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Immigration debate

TONY EASTLEY: Well, both the Prime Minister and the Opposition Leader have a lot of work to do to secure the confidence and votes of the ethnic community, according to commentator Mary Kalantzis. Ms Kalantzis says that Mr Howard is still trying to rebuild relations with ethnic voters after his gaffs in the late '80s. But she told Katie Cronin neither party can count on the support of the non-English-speaking communities.

MARY KALANTZIS: I think the multicultural nature of Australia will always have an impact on the political arena, and what we're seeing is a bit of a dog fight because the real issues for some time now, I think, have been swamped or ignored by both sides of the party.

KATIE CRONIN: Do you hold one side or the other responsible, if you like, for starting the debate yesterday, or starting the slanging match?

MARY KALANTZIS: Well, I think the Liberal Party with Howard has to redeem itself with the immigrant community, or people of non-English-speaking background who are now Australians because of that legacy, Howard's legacy of, you know, the one Australia and a very Anglo-specific view of what Australia is. So he does have a job to do to restore the image of the Liberal Party.

KATIE CRONIN: He does apologise regularly for those comments.

MARY KALANTZIS: He does, he does. But he has to actively restore that, and I think it's quite proper because the Liberal Party has a very good record, or had a very good record, in addressing these issues. They brought in the Human Rights Commission, they brought in the multicultural agenda. I mean, they had an excellent record which was allowed to slip.

KATIE CRONIN: Does Mr Keating then have a right to attack him on those issues?

MARY KALANTZIS: Well, the Labor Party and Mr Keating have had a better record of late. In rhetoric, I mean, certainly Mr Keating's vision, you know, our Prime Minister's vision for Australia - the Republic, the multicultural agenda, the indigenous agenda, the women's agenda - is a much more progressive and liberal agenda. But the other thing that he has to be careful of is that he hasn't carried the rest of his Government with him.

I think we have a number of instances from, you know, Gareth Evans in Foreign Affairs and the crisis that he created between the Greek and Macedonians in this country by renaming the nations. I mean, that was a foreign affairs blunder that people still feel divided about. We have the move towards the Republic which is controlled by a small group around the Prime Minister and not by the population as a whole. We have an industrial policy at the moment in restructuring led by Free and Crean which is insensitive to the fact that non-English-speaking middle aged men are the ones who are feeling the brunt of the restructuring greatly and are not being looked after as they must.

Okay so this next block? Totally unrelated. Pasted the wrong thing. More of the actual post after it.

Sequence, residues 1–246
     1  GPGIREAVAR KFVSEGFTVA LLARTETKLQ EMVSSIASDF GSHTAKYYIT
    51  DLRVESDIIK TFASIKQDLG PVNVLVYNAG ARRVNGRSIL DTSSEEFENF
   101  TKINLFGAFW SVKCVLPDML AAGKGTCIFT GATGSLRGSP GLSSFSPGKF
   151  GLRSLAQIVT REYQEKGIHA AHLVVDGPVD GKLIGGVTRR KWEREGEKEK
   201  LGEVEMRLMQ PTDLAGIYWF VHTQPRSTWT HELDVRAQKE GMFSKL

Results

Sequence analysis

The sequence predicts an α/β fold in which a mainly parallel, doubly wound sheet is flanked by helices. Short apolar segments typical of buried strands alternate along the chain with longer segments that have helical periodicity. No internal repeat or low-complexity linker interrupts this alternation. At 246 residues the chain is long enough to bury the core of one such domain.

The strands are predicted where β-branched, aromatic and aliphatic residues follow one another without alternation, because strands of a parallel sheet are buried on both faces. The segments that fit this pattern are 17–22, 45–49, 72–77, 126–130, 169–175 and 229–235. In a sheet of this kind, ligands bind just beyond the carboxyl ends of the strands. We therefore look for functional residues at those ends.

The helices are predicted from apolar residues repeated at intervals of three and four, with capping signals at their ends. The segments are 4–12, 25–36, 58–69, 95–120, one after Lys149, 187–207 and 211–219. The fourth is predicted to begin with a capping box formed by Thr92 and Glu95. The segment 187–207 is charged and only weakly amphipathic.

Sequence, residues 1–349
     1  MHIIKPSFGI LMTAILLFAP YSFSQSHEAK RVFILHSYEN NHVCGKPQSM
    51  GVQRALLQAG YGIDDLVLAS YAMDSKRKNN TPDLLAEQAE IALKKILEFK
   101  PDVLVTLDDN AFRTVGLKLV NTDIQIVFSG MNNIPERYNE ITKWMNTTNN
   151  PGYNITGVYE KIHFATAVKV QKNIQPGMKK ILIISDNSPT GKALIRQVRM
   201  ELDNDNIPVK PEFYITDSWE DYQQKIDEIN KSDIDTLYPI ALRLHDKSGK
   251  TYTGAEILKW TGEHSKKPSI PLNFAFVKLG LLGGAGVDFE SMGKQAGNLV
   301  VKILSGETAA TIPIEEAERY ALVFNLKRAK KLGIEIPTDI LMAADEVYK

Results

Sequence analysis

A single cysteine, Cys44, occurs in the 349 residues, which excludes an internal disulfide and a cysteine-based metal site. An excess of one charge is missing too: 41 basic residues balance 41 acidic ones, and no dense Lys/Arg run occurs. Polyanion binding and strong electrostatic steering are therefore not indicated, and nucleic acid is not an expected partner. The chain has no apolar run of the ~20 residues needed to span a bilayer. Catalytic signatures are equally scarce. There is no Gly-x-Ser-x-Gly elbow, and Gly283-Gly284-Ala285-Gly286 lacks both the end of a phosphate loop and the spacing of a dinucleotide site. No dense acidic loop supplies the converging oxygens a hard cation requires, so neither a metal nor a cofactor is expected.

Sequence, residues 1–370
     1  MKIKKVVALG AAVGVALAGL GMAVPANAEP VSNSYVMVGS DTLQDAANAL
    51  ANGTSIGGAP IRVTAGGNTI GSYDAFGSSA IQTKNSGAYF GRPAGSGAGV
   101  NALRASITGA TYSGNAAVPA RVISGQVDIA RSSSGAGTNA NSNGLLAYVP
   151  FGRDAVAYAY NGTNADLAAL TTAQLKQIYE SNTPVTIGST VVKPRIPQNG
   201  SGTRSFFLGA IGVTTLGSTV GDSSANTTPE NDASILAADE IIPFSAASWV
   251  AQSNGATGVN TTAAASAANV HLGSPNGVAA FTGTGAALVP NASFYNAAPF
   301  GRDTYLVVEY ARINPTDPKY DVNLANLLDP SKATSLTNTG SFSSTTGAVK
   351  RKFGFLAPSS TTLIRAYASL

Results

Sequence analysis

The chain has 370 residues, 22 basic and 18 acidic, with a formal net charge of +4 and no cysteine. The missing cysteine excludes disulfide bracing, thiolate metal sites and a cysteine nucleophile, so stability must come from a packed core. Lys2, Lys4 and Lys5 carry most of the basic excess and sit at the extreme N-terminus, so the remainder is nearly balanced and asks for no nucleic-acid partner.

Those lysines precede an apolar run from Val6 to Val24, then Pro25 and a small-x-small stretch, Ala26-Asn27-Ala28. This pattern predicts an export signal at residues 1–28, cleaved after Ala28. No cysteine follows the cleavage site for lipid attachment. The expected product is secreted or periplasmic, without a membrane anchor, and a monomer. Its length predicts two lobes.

We have the Martin Ferguson fiasco in Batman where very good candidates in that region were overlooked for a man who had a history, just like Mr Howard, of arguing against immigration and against multiculturalism when he was on the sustainable ecology bandwagon. So I think Mr Keating does have a problem with the last few years of the kinds of behaviour that people below him have behaved and he can't rest on his laurels on this issue.

KATIE CRONIN: The Labor Party has traditionally picked up a fair proportion of the ethnic vote. Do you think then that that's not so assured this time around?

MARY KALANTZIS: It's definitely not there this time and I think he's going to face the same dilemma that Mr Goss faced in Queensland when Mr Goss went for the heartland and ignored the diversity, you know, the issue of women, the issue of indigenous people and the immigrant communities in Queensland. What they did is they didn't cross over and vote for the Liberals but they didn't vote for the Labor Party. So you've got a, you know, a non event in this State at the moment up here in Queensland and a non-functioning government. I think that's what we're going to get again with this Federal election, a very, very close situation.

And people have not forgiven the Labor Party for what happened in Batman. I think a lot of people in the main part of the party think it's all over and they'll go back to bread and butter issues, but bread and butter issues are not enough any more. I mean, senses of belonging and senses of identity are certainly important for women, they're certainly important for people of a non-English-speaking background, of indigenous communities, a whole range of people. And I think neither of them can be glib any more and regard race or culture or ethnicity or identity as a trivial matter. It is a core matter for government to address seriously.

TONY EASTLEY: Professor of Education at James Cook University, Mary Kalantzis, speaking to reporter Katie Cronin.